A First Look at Logitech Group Video Conferencing System Rally

Logitech's brand new Rally camera for its newest group video conferencing system

Today, Logitech launched the most ambitious group video conferencing system–and camera–in its catalog in an effort to impress consumers seeking a high-end, boardroom-quality video conferencing solution.

Rally is a 4K-capable PTZ camera that promises near production-studio-quality visuals and the most comprehensive suite of features the company has yet produced. It will launch as the centerpiece of an all-in-one modular conference room system that ties together Logitech’s RightSense range of smart technologies–including a new auto framing feature.

Rally is the latest in a series of increasingly high-grade Logitech video camera releases over the past two years, but marks the first time the Swiss giant has deliberately gone after the executive boardroom crowd usually catered for by the likes of Cisco and Polycom.

The camera ($1299) and system ($1999) are the most expensive Logitech has put to market, but they both immediately undercut the price point of those two competitors. Still, affordability isn’t the way you win over the C-suite. The Rally will have to outperform its newfound peers, and while we’re confident Logitech can produce high-end optics, it remains to be seen whether all of its features are ready for live action.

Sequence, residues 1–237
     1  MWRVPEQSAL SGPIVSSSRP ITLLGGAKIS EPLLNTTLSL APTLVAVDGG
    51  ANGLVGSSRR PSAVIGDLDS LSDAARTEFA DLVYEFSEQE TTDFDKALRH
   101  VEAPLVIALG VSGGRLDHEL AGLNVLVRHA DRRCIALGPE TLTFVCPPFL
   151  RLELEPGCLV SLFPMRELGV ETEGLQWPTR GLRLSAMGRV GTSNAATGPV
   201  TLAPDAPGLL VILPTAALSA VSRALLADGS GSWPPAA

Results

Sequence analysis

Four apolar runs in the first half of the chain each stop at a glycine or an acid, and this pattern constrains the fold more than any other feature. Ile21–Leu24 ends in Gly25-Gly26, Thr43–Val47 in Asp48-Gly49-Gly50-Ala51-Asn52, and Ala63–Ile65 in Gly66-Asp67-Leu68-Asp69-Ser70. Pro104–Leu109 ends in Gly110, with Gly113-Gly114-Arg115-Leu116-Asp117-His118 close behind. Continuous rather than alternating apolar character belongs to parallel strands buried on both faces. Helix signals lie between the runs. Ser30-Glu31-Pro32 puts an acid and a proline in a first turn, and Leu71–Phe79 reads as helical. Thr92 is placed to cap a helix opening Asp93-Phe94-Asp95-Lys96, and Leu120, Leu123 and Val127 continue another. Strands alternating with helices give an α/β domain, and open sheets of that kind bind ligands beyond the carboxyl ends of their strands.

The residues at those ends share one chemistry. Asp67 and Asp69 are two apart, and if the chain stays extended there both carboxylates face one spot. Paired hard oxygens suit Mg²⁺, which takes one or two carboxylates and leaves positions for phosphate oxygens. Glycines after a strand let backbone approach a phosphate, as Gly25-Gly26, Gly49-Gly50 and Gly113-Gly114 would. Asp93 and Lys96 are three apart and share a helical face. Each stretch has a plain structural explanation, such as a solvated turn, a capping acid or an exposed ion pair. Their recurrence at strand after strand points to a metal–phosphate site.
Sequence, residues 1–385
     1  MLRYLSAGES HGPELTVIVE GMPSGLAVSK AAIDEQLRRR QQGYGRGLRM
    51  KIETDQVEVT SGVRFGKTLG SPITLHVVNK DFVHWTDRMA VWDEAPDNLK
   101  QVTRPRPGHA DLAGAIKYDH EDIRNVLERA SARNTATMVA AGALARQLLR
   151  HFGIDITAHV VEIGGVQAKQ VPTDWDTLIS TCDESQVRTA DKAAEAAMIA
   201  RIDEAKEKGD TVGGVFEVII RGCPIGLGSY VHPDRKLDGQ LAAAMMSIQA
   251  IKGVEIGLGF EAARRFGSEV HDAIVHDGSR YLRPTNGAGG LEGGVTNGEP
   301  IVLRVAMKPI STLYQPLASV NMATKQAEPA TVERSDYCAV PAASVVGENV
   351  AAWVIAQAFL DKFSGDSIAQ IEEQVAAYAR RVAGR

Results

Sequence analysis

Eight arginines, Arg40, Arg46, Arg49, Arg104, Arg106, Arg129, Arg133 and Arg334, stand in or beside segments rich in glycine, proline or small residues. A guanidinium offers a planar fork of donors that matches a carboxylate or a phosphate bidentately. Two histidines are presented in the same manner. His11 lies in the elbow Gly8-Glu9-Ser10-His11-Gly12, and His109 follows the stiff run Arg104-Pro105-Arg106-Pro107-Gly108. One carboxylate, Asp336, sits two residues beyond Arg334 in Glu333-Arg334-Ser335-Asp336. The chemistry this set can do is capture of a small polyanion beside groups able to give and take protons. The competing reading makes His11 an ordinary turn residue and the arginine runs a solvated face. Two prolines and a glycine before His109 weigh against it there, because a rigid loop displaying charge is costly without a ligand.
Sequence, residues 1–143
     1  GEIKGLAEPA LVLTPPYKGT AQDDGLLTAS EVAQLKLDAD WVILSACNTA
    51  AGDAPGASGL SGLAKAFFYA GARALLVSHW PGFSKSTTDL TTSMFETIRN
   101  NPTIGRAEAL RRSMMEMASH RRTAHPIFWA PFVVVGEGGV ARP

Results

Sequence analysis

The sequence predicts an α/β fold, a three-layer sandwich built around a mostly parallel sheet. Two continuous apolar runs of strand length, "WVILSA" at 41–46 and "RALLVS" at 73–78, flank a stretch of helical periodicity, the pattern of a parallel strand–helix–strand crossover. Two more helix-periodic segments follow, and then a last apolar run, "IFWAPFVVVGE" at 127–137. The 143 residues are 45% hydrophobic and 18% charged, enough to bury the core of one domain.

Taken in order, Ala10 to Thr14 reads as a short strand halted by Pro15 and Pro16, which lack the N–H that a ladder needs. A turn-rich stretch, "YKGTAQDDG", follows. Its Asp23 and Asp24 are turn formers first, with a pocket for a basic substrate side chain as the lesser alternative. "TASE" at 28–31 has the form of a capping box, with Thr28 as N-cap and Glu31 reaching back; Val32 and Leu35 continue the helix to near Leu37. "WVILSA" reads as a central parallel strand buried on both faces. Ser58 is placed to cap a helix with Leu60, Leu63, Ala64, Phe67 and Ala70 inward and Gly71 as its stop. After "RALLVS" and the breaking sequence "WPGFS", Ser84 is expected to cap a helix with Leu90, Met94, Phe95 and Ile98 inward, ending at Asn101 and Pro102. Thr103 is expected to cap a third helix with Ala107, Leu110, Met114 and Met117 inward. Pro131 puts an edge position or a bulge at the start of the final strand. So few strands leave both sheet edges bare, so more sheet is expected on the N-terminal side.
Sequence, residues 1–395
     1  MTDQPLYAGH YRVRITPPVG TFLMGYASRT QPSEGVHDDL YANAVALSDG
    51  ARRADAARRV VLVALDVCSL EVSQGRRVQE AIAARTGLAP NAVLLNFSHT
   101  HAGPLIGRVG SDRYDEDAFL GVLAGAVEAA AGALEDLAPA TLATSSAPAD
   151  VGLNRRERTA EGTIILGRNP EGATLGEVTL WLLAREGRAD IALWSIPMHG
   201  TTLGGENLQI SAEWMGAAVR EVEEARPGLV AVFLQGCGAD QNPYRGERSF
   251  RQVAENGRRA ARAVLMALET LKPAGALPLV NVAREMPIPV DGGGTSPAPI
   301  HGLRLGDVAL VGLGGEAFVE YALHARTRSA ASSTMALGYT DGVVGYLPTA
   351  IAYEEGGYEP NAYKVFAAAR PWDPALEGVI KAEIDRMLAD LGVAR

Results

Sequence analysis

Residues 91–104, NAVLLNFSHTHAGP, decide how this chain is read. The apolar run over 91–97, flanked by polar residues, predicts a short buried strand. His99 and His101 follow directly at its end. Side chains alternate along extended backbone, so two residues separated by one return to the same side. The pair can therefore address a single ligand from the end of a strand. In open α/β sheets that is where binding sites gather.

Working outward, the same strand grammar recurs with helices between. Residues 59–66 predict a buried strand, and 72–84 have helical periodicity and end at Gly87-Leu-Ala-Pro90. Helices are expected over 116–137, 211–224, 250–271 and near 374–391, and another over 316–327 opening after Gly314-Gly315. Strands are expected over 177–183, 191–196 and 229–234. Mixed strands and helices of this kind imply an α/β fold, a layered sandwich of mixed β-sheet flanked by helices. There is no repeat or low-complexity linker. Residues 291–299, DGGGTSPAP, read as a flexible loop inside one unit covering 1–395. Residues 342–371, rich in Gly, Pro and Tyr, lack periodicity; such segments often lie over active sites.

The Rally Group Video Conferencing System

The Rally kit consists of five major components:

  • A 4K-capable, PTZ camera with optical lens
  • Mountable speakers
  • Multi-array beamforming mic pods with active-speaker focus
  • Display hub
  • Table hub

We were excited to hear that the base package combines the camera signal, two display signals, audio, and USB connections over a single cable, which potentially makes it one of the neatest (and least fussy to install) units available. Of course, we’ll have to see how all that burden performs in live action.

The key ingredient to the package is the camera. It appears the Rally will build on the 4K potential laid out in the recently released Brio (a review of which you’ll find here). The Rally’s peak performance is listed as 4K at 30fps or 1080p at 60fps. Both of those would be Logitech Rally group video conferencing packageamong the market leaders, although the smoother 1080p ride will probably prove more useful given the current limits of 4K video.

There’s reason to be optimistic about the build quality of the camera as well. Logitech has enabled it to be mounted upside down, which increases deployment options, and it has an RF remote which does away with the tedium of line-of-sight, point-and-shoot controls. It’s a fully automated PTZ camera, with a huge glass optical lens capable of 10x zoom (with an additional 5x zoom available digitally), that will eventually be paired with Logitech’s most advanced automated functions (more on that later).

The overall image quality of the Brio was its crowning element, and if the Rally can match that output, it’ll be a worthy purchase regardless of the package’s other features, which include:

Speakers: The accompanying speaker(s) are designed to sit beneath or be mounted along the edges of a display so that the audio sounds as though it originates from the other end of your call, and not the center of the room, like traditional conference rooms. Logitech touts this as the more natural-sounding setup, and we tend to agree.